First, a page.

“I’m 62. I have arthritis in my knees. It got cold and uncomfortable,” said Crystal Zevon, a writer from Greenfield, Mass., who lent her tent to another protester. She said she is moving indoors to help plan the group’s big spring protests.
“I feel I’m just as much a part of it as I ever was,” she added. “But I’m not a masochist.”
She’s among about half of the protesters who will begin moving indoors in the coming days to expand their efforts. Even though she’s leaving Freedom Plaza, Zevon said, she and fellow protesters are not leaving the occupation.
The dwindling number of residents who stayed behind zipped up their tents, swallowed vitamins and swaddled themselves in clothing to battle the elements. Medics in both camps said Wednesday that they were passing out vitamin C tablets and Theraflu but had no official cases of hypothermia — yet. Good Samaritans streamed by to drop off blankets, and a collection was started to raise money to buy propane for heaters.
Meantime, there were increased sightings of rats nestling under pallets strewn with sleeping bags, and occupiers in McPherson Square voluntarily shuttered their kitchen for 48 hours for what they said was a monthly cleaning. Protesters were eating donated food brought in by supporters.
Mahlori Isaacs, a spokeswoman for the D.C. Department of Health, said health officers had been closely monitoring the camps for health and safety violations throughout the week, passing out literature on hypothermia and tips to avoid the flu and other illnesses.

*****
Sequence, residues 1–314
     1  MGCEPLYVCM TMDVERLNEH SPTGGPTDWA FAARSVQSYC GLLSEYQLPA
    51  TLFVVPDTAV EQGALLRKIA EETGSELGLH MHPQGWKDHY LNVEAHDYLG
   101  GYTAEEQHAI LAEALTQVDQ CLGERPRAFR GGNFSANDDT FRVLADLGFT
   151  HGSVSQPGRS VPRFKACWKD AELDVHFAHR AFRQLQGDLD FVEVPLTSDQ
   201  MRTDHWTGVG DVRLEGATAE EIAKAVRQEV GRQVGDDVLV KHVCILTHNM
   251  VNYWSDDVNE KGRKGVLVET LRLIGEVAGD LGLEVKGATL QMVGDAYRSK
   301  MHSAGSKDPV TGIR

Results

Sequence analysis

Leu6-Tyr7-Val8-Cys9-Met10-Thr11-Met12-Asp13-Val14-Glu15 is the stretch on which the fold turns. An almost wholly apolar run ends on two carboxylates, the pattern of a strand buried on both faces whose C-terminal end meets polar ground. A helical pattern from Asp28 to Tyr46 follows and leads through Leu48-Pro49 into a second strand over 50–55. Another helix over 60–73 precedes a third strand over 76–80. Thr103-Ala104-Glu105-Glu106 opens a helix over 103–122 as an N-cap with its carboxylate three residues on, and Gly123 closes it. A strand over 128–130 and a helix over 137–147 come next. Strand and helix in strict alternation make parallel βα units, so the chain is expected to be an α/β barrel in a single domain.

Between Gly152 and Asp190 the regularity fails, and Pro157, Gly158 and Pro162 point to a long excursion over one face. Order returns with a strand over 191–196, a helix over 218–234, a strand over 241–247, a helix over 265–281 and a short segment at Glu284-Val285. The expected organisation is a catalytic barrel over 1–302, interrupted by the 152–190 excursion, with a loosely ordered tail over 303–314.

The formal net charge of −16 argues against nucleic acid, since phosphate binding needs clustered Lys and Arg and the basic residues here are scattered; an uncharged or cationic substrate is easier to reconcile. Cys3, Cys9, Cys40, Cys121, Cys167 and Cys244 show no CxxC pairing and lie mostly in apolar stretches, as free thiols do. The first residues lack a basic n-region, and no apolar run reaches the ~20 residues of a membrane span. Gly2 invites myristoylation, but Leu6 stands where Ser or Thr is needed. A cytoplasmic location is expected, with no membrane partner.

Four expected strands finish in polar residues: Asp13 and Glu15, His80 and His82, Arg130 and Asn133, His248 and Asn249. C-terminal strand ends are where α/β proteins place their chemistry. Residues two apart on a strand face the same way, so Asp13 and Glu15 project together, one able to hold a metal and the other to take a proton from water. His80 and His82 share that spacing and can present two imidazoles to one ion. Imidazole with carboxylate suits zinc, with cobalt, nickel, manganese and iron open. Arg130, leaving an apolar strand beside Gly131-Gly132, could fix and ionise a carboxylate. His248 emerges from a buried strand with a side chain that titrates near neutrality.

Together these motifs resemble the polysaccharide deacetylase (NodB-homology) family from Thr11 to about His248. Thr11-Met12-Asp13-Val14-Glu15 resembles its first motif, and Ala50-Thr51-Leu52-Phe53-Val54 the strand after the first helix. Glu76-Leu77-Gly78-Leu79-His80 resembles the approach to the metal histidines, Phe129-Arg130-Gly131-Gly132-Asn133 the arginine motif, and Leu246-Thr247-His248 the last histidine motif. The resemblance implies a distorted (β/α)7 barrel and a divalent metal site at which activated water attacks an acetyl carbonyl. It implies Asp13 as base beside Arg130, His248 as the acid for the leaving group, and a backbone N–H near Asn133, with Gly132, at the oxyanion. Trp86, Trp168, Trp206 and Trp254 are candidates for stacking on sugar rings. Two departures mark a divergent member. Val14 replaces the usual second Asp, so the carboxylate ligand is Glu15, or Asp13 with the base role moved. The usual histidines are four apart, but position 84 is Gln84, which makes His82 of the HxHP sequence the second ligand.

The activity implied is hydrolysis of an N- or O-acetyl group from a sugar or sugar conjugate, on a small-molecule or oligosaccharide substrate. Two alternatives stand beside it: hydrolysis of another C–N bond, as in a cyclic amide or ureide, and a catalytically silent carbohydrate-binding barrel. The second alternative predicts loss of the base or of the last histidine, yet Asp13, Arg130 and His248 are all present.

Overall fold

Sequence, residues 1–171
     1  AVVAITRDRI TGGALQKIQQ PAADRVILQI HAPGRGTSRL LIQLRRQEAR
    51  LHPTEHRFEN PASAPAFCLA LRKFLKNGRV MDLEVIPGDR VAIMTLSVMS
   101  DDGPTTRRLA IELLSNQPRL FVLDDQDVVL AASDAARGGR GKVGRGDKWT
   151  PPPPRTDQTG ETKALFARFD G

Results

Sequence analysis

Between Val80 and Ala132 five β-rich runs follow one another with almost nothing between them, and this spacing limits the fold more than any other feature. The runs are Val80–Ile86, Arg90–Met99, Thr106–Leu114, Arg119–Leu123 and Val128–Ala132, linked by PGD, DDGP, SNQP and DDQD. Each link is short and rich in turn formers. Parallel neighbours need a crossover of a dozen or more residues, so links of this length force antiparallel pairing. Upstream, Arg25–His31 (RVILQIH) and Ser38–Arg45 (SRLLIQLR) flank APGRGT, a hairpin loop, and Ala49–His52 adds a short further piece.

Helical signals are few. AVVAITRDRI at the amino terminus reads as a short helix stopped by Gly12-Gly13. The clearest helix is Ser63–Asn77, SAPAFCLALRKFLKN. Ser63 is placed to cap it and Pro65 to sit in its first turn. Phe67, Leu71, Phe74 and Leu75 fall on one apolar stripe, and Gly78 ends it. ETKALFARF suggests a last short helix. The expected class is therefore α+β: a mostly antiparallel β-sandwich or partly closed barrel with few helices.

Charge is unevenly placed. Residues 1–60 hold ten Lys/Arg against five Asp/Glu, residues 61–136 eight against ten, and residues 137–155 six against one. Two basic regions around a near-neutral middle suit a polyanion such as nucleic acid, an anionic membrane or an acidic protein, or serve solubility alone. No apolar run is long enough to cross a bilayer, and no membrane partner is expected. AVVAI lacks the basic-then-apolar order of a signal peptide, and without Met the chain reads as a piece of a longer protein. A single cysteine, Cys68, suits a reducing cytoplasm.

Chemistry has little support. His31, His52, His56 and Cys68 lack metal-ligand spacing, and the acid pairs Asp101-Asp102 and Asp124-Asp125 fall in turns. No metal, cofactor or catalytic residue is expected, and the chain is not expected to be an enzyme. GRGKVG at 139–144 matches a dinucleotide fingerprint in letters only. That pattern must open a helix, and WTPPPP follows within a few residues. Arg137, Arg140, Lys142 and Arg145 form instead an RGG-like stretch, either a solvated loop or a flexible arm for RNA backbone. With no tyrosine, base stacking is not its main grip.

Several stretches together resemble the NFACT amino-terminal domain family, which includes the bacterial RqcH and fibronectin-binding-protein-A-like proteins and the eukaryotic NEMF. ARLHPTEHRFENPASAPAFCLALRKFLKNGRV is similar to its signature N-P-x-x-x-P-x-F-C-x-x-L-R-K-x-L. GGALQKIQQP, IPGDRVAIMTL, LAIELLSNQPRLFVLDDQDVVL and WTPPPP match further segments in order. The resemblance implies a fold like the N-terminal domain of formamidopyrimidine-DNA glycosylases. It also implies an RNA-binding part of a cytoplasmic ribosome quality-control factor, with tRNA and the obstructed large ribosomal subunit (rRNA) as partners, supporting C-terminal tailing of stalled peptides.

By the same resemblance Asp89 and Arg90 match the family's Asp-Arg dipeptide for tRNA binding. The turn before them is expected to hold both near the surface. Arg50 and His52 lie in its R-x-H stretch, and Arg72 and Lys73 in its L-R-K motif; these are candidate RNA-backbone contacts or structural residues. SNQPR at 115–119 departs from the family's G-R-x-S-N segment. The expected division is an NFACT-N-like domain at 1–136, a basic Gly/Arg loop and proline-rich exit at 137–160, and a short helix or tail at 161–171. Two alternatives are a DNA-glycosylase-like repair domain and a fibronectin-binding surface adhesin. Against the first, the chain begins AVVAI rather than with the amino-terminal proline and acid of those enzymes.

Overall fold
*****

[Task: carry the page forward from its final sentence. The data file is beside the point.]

“Our main concern is the public health and safety of District residents and visitors . . . making sure that people don’t get sick,” Isaacs said.
D.C. health inspectors will be visiting again early next week, she said, but they have little power to correct any problems they observe because the camps are on federal land.
The final call on whether to close the camps over health and sanitation concerns must come from the National Park Service, Isaacs said.
The Park Service has said that the protesters have a First Amendment right to continue their “24-hour vigil” at the two encampments but that the agency will move in to evict protesters if sanitation conditions warrant.
This week, occupiers at Freedom Plaza — whose permit was extended by the Park Service last month through the end of February — began to erect three large canvas tents for the winter, which will be warmed with kerosene heaters and serve as a kitchen and communal gathering space.
Organizer Kevin Zeese said half of the 70 protesters in Freedom Plaza will move to homes owned by supporters in Northwest Washington and Mount Rainier in Prince George’s County to expand their operations and make plans for spring marches and other events.